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Monday, September 04, 2006

General Adaptation Syndrome

General Adaptation Syndrome (GAS) promoted by Hans Selye who found that the injection of toxic gland preparations into lab animals resulted in a “sick” syndrome that included “activity and enlargement of the adrenal cortex, atrophy of the thymus gland and lymph nodes, and ...ulcers”. These same symptoms of a general syndrome also resulted from exposure to other stressors such as heat, cold, and infections. Overall, the GAS is considered a process where constant or repeated stress can result in disease through the body’s attempt to adapt.
There are three stages to the General Adaptation Syndrome:
1. Alarm
2. Resistance
3. Exhaustion

In the Alarm stage the body responds to the stressor by increasing the levels of ACTH and secretion of the adrenal glands which results in the well known “fight or flight” response. This is a generalized stress response with numerous systems of the body showing some degree of change but without specific targets. Overall, the muscles become more tense, the heart rate increase and blood pressure increases as the body prepares to respond.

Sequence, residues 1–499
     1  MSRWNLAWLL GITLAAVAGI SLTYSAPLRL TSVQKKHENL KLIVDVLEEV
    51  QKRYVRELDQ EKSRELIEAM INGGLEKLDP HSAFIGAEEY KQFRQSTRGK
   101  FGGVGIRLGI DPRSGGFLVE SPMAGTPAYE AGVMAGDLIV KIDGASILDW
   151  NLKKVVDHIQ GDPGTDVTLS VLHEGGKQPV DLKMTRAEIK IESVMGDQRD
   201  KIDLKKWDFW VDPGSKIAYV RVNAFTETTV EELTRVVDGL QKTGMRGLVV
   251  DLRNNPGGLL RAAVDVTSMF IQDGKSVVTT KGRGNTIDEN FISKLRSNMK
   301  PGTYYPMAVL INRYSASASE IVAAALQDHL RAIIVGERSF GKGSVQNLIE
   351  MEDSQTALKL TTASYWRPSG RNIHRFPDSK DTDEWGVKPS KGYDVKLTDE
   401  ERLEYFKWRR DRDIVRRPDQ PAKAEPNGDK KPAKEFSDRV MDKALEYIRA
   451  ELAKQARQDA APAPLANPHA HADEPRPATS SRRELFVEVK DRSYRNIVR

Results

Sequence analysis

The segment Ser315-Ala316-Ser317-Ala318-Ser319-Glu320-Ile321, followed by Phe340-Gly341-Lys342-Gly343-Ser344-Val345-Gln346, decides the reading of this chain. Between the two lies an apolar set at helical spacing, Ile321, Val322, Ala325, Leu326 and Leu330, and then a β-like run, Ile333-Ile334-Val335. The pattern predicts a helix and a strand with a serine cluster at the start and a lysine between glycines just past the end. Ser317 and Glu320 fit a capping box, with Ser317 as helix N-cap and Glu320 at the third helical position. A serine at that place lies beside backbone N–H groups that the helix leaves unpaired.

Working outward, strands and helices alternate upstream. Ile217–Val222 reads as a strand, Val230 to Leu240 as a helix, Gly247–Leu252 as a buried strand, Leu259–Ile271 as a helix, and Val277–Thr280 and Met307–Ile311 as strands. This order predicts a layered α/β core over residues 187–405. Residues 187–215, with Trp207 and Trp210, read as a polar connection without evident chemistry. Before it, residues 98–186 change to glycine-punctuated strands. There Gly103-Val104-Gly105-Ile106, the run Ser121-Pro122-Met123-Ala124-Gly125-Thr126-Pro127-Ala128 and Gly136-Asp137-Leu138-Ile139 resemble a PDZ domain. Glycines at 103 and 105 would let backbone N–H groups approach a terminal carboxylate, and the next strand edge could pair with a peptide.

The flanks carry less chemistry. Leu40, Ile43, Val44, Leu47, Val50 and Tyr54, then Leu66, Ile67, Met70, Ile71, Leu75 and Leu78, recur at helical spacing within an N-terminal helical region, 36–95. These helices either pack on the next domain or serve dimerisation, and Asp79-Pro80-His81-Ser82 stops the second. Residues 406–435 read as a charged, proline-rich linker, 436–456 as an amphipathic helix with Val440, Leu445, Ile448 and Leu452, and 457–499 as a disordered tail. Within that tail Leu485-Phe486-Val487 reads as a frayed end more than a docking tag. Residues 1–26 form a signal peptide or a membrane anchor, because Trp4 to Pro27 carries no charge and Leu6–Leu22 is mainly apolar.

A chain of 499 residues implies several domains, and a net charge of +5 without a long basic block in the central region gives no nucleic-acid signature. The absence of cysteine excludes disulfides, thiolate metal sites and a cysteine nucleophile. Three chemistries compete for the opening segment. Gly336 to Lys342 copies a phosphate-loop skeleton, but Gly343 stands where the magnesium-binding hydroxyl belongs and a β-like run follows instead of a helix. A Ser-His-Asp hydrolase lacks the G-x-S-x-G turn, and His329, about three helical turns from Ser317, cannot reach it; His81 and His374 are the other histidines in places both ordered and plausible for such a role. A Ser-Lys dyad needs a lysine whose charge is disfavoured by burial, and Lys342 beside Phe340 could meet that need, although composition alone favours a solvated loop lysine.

The resistance stage is where the body “mobilizes”. Here the arousal of the body is now targeted into specific organs or organ systems. “Specificity of adaptation.... the channeling of the stress response into the specific organ system most capable of dealing with it” is a prime characteristic of this stage. Normally this works fine, however, when the body is exposed to chronic or repeated stress without the ability to “calm down” in between, the organs become overexposed to a high state of arousal and may become unable to continuously repair themselves or perform the task for which they are best suited. After long term exposure, the body re-adjusts itself to the higher pace and may begin to malfunction. Just like any machine, the body need time for maintenance and repair in order to perform correctly.
The final stage is the exhaustion phase. After prolonged stress the body has used up its reserve and is no longer able to function properly as the organ systems exposed to the constant bombardment of stress begin to break down. ACTH increases and symptoms similar to the first stage are common and the body may try to compensate by shifting the load from the weakened organ system to the next most able system in an attempt to protect itself.


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